While Massachusetts didn't make the top 10 high school graduation rates in the nation, according to preliminary data released by the U.S. Department of Education on Monday, Belmont High School's graduation rate is not just well above the state average but one of highest in the state with nearly 98 out of a 100 gradutating in four years.
And by counting those who remain in school after four years, the actual drop out rate at BHS is about a half-of-one-percent.
According to the preliminary state-reported data, for the 2010-2011 school year, Massachusetts had a four-year adjusted cohort graduation rate of 83 percent, which ties for 11th highest in the nation with six other states. Iowa had the highest rate at 88 percent. (See the PDF attached to this article for full results.)
Meanwhile, according to the DESE website, for the 2010-2011 school year, Belmont High School had a four-year adjusted cohort graduation rate of 97.4 percent. Of those who did not graduate, about two percent are still in school while less than one percent actually dropped out.
Local Graduation Rate PercentagesCommunity Grad. Rate (%) Reading 98.2 Belmont 97.4 Arlington 97.0 Lexington 96.2 Winchester 95.7 Wakefield 95.6 Burlington 95.5 North Reading 95.2 N.E. Reg. Voke 94.8 Melrose 94.4 Wilmington 94.2 Stoneham 92.2 Billerica 88.3 Woburn 88.1 Watertown 87.3 Massachusetts 83
Where do the numbers come from?
The graduation rates released Monday are for the 2010-2011 school year—the first year for which all states used a common, adjusted four-year cohort graduation rate, according to a U.S. Department of Education press release.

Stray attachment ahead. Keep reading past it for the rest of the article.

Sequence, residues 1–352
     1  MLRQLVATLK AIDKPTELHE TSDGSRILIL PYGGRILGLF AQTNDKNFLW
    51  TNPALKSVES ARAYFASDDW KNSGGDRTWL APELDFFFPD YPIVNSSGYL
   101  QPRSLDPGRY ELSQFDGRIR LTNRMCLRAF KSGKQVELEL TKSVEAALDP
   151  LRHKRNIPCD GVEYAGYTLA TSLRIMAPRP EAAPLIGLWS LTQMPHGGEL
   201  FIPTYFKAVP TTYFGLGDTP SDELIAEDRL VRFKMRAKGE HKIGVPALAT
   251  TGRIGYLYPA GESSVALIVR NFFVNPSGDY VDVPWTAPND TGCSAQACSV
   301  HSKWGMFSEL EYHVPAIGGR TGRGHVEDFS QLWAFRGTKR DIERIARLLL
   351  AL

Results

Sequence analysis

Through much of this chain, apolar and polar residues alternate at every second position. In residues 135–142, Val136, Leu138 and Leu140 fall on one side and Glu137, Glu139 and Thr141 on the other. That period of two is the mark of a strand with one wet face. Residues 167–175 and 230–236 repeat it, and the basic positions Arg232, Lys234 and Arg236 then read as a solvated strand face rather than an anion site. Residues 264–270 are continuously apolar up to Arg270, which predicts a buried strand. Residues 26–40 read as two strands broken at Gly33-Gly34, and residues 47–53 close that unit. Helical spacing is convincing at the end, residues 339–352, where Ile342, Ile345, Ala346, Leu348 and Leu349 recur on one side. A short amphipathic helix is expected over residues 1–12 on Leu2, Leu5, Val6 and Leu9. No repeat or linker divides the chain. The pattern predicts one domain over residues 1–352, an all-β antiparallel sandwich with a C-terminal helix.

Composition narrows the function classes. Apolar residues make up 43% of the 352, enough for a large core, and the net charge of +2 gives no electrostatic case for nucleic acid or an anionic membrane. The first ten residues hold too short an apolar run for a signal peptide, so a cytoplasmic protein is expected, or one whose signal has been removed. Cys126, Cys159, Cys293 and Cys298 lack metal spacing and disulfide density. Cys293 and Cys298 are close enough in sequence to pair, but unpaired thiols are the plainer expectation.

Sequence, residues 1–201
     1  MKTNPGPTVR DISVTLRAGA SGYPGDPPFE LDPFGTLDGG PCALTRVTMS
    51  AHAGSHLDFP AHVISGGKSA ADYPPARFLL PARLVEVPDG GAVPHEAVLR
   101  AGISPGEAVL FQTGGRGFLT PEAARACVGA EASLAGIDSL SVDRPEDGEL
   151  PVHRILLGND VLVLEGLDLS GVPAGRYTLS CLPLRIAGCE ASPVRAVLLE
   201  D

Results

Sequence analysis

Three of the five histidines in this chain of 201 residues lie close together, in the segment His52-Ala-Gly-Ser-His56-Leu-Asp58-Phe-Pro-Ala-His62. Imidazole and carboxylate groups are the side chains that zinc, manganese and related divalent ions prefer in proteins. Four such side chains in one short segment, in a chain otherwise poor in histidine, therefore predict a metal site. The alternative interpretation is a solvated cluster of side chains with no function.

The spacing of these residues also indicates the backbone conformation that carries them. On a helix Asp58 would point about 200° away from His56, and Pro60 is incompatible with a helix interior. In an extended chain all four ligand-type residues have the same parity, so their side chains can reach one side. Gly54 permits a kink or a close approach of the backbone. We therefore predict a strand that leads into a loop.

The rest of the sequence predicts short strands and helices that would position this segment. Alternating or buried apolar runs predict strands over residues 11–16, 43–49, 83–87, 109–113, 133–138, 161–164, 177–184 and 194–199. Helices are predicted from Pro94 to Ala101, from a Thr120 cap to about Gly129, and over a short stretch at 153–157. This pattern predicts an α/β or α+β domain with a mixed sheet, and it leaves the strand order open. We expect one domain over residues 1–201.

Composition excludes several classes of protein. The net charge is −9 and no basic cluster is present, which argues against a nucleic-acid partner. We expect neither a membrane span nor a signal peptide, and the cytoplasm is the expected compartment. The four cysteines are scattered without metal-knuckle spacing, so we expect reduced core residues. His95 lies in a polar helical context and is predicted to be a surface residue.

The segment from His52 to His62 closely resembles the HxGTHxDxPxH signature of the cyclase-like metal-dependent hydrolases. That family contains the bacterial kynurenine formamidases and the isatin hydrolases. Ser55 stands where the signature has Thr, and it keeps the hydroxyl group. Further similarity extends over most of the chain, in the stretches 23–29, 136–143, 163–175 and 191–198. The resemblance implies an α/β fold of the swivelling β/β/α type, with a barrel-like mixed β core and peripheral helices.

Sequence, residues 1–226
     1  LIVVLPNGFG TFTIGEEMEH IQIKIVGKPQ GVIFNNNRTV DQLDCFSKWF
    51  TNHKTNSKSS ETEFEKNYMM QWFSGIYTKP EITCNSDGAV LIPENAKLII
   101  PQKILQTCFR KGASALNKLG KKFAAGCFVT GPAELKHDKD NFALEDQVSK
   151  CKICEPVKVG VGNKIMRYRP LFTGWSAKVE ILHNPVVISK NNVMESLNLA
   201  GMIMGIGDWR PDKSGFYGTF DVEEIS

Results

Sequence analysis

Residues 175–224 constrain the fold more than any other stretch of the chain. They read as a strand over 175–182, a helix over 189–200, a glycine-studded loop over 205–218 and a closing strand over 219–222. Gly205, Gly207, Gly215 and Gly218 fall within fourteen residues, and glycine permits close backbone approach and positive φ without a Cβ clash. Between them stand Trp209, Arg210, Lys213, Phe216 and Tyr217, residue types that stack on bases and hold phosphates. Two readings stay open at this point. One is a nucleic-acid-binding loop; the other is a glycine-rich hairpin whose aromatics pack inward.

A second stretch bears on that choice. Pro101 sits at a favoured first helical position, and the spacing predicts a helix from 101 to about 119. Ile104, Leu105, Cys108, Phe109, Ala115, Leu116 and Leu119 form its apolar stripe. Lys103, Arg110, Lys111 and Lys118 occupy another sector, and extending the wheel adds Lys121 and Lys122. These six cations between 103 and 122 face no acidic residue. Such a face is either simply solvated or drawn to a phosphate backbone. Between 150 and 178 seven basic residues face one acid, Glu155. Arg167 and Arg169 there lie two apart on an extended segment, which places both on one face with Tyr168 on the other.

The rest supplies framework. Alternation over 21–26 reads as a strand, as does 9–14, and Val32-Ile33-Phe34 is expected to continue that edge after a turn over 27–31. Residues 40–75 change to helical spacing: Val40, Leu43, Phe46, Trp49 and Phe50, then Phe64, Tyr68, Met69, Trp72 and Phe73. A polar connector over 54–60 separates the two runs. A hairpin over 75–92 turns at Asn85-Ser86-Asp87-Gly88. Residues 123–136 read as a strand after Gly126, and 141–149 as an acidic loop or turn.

Massachusetts Department of Elementary and Secondary Education (DESE) spokesman JC Considine told Patch in an e-mail that Massachusetts has been computing cohort graduation rates since 2006, which are available on the DESE website.
The new common methodology eliminates the problem of comparing graduation rates between states that use varying calculation methods, according to the U.S. Department of Education press release, and meets the requirements of federal regulations instituted in October 2008.
The new graduation rate measurement also accurately accounts for students who drop out or who do not earn a regular high school diploma, the press release said.
"By using this new measure, states will be more honest in holding schools accountable and ensuring that students succeed," said U.S. Secretary of Education Arne Duncan said in the press release. "Ultimately, these data will help states target support to ensure more students graduate on time, college and career ready."
Massachusetts Secretary of Education Paul Reville told the Boston Globe that comparisons between states still present challenges due to varying graduation standards.
Final rates are expected to be released in the coming months.